One of my favorite Buenos Aires events has always been the Feria del Libro, the region’s biggest book fair, comprising 45,000 square meters of space at the elegant Sociedad Rural fairgrounds. It started on Sunday, when I walked past the entrance after having lunch in Las Cañitas – it’s gratifying to see so many Argentine readers lined up to buy tickets – but I wasn’t able to go myself until Wednesday afternoon.
A showcase for Argentine book culture, though foreign participation appears less conspicuous than it used to be, the Feria consists of hundreds of stands that include bookstores, publishers, distributors, provincial governments and newspapers. They vary in quality of course – I quickly bypassed the Confederación Espiritista Argentina (Argentine Spiritualist Confederation, pictured above), nor do I have much patience with other self-help organizations (including Alcoholics Anonymous) and psychoanalysis.
One thing I did find encouraging was the presence of English-language bookstores and distributors, such as Kel Ediciones and Estari Libros. In a country regarded as the region’s most most proficient in English, the so-called “currency clamp” and import restrictions had limited the arrival of Anglo-friendly titles – the former trade secretary Guillermo Moreno even claimed that the ink in books printed outside Argentina contained “dangerous levels of lead.” In response to my question, one bookstore at the show confirmed that the situation has improved considerably.
The US Embassy stand, meanwhile, seemed more oriented toward travel and tourism, with information on visiting the States as Argentina advances toward inclusion in the Visa Waiver Program. I was surprised that the invited US “literary figures” included two cheesy romance novelists, but amused that a chalkboard let visitors scribble graffiti – some of it humorously critical.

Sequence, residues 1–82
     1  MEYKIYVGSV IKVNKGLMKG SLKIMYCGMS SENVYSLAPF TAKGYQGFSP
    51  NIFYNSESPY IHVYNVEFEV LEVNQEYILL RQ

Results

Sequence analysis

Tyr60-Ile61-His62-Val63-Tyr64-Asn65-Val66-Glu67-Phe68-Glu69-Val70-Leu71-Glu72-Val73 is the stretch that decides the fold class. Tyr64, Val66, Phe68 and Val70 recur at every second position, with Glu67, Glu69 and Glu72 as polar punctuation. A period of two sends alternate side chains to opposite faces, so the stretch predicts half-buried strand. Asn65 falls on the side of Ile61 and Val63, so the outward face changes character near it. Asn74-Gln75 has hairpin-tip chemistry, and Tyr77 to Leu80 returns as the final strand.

My own favorite stand belonged to Aves Argentinas, which included a number of worthwhile natural history guides. Having spent a year-plus in the Falkland Islands, I also found the abundance of titles on the 1982 war and its aftermath to be startling, even though such “banal nationalism” (a phrase from Michael Billig via Klaus Dodds) is an obsession for many Argentines.
Ever since my boyhood – I’m a post WWII “baby boomer” – Argentina has had an unfortunate reputation as a haven for Nazi war criminals and, as Uki Goñi has chronicled in The Real Odessa, it’s a cliché that's not undeserved - even though some have been brought to justice. I was startled, though, to realize that there’s such a cottage industry of books claiming that Hitler himself took refuge here.
I was also surprised at the absence of books on travel and tourism, even though the Ministerio de Turismo does have a stand at the entrance to the main exhibit hall. As a guidebook author, though, I found it disturbing that the only book in my genre was one (at bottom of photo) that included Adolf’s and Eva Braun’s supposed haunts in Bariloche. Unfortunately, there always seem to be somebody who'll believe in the preposterous.